Psychosis refers to an abnormal condition of the mind, and is a generic psychiatric term for a mental state often described as involving a “loss of contact with reality”. People suffering from psychosis are described as psychotic.
A psychotic break with reality produces only one of the few base emotions - fear. You can argue high and low, but every subtle emotion that one feels during a psychosis flows forth from fear. A psychosis, however, is often not a loose condition. No psychiatrist worth his or her money will diagnose you simply with being psychotic - the psychotic state of mind is closely tied with the disorders of the schizophrenic spectrum;
- schizoaffective disorder
- schizophreniform disorder
- schizoid personality disorder
- schizotypal personality disorder
There are others, but they’re not schizophrenic spectrum disorders, they are simply psychotic disorders. We’re going to look at the schizophrenic spectrum today, because there are two types of symptoms all these disorders have; positive symptoms and negative symptoms.
- POSITIVE SYMPTOMS - Positive symptoms are symptoms that most individuals do not normally experience but are present in the disorder.
- NEGATIVE SYMPTOMS - Negative symptoms are symptoms that are not present or that are diminished in the affected persons but are normally found in healthy persons.
- hallucinations; a hallucination, in the broadest sense of the word, is a perception in the absence of a stimulus. In a stricter sense, hallucinations are defined as perceptions in a conscious and awake state in the absence of external stimuli which have qualities of real perception, in that they are vivid, substantial, and located in external objective space. There are various forms of hallucinations - auditory (hearing), visual (seeing), olfactory (smelling), gustatory (taste), tactile (temperature, pain), propioceptive (feeling, as in body pressure) - and a few more, but the above are the most likely involved in the schizophrenic spectrum, the most common being auditory, visual and propioceptive. Following will be a personal experience portraying visual and auditory hallucinations exclusively.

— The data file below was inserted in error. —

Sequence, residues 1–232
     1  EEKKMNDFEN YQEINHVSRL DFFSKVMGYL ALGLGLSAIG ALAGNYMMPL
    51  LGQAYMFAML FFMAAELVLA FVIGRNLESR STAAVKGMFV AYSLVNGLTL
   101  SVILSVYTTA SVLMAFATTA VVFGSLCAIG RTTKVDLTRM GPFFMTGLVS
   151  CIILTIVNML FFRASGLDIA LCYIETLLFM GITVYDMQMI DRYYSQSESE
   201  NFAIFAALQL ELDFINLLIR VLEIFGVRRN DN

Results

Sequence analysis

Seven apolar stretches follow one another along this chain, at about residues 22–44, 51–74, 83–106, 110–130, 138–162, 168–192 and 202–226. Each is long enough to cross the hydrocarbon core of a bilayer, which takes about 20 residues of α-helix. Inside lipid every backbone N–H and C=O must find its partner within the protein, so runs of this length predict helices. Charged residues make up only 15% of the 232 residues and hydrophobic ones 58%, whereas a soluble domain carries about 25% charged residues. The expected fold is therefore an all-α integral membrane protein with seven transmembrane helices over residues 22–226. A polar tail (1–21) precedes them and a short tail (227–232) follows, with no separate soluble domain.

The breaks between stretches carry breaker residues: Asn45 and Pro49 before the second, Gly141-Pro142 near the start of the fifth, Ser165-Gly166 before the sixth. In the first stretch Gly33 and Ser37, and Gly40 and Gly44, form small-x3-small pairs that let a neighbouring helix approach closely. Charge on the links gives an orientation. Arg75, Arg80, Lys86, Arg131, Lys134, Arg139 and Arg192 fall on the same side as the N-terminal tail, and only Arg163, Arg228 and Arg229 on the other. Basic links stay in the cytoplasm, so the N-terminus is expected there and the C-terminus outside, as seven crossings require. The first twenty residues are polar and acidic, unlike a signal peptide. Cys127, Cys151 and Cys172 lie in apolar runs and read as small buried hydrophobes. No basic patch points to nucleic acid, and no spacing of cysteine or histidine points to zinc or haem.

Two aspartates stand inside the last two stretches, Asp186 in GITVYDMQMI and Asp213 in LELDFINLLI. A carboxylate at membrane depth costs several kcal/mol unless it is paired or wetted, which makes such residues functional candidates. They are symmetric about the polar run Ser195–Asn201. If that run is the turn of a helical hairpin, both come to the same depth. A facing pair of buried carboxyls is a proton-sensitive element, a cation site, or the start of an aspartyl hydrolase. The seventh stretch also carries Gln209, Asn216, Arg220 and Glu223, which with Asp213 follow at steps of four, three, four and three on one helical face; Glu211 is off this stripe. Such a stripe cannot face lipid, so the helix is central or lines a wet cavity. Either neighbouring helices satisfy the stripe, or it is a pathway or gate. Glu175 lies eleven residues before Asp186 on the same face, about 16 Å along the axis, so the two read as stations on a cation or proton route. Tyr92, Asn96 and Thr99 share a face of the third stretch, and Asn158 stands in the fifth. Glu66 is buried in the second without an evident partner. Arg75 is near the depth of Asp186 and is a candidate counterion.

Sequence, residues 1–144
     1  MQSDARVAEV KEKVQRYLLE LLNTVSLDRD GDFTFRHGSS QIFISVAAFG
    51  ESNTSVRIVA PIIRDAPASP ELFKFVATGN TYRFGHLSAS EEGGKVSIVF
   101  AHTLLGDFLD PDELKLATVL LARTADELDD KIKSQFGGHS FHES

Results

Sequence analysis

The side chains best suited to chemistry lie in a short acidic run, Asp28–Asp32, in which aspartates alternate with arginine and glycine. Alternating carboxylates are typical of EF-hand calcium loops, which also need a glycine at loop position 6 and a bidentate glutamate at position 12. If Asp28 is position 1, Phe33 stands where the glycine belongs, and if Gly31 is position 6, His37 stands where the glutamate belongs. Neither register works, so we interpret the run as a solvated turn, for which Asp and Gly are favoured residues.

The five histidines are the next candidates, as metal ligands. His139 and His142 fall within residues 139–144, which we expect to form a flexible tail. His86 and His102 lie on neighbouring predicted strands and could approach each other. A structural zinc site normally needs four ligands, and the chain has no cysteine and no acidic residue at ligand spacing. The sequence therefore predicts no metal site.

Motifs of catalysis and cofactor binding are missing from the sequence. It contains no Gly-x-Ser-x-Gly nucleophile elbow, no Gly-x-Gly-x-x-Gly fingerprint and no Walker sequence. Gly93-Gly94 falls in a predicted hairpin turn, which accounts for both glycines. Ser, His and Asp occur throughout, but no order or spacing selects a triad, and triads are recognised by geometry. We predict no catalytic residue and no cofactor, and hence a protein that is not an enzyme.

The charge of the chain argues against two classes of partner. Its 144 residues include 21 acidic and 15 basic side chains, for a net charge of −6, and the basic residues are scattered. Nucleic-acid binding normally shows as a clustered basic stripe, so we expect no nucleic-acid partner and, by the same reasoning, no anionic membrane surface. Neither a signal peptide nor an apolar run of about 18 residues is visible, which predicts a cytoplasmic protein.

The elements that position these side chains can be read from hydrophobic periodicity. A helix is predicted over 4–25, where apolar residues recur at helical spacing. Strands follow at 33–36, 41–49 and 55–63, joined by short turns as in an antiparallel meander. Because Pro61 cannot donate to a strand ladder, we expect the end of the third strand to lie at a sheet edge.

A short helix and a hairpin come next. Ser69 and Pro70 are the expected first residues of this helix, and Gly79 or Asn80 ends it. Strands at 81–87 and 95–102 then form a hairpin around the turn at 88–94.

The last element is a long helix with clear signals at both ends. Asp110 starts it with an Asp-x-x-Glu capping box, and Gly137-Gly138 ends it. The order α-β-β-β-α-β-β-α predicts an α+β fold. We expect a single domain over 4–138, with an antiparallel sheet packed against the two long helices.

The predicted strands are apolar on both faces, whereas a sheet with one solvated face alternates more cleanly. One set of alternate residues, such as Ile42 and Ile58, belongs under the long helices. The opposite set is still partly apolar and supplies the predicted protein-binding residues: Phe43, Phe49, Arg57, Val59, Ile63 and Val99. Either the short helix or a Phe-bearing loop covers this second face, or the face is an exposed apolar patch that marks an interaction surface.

I woke up in the middle of the night at my (then) boyfriend’s house - his bedroom was on the attic and the house was an old one, built somewhere around WW2. I had to be careful descending the stairs as not to wake up his family, whom slept on the first floor, because the stairs creaked. I did my thing and went back upstairs, up the first flight of stairs which inevitably creaked under my weight, and went up the second flight of stairs.
I suddenly felt a sense of fear, dread, and paranoia wash over me, because I heard the first flight of stairs creak again and I knew for a fact they weren’t supposed to unless it was in connection with weight being introduced to them. I quickly and quietly went up the second flight of stairs, which also creaked, but because it was new wood, in contradiction to the first flight. I was almost at the bed, when I heard the second stairs creak again, without any introduction of weight that I knew. Obviously, I panicked, and jumped in bed in absolute fear. Suddenly, the walls burst out in shadows of almost a million people like figures, and the next thing I knew, two tall, shadow-y figures were walking towards me, with exaggerated bodily proportions (tall, spiney arms and legs and really thin elongated torsos).
Needless to say, I woke up before I knew it, having passed out from absolute fear, with muscle aches and a stiff body - a realistic result of the term “frozen in fear”.
- delusions; a delusion is a belief held with strong conviction despite superior evidence to the contrary. Arguably, it’s my belief that delusions are a lot more devastating than hallucinations, because in some - most - circumstances, there’s an opportunity to remove yourself from a hallucination. With a delusion, this is not as easy. There’s also the opportunity of reasoning with yourself when it comes to a hallucination, whereas with delusions, it’s your logic that’s warped - the one thing you need for reasoning with yourself.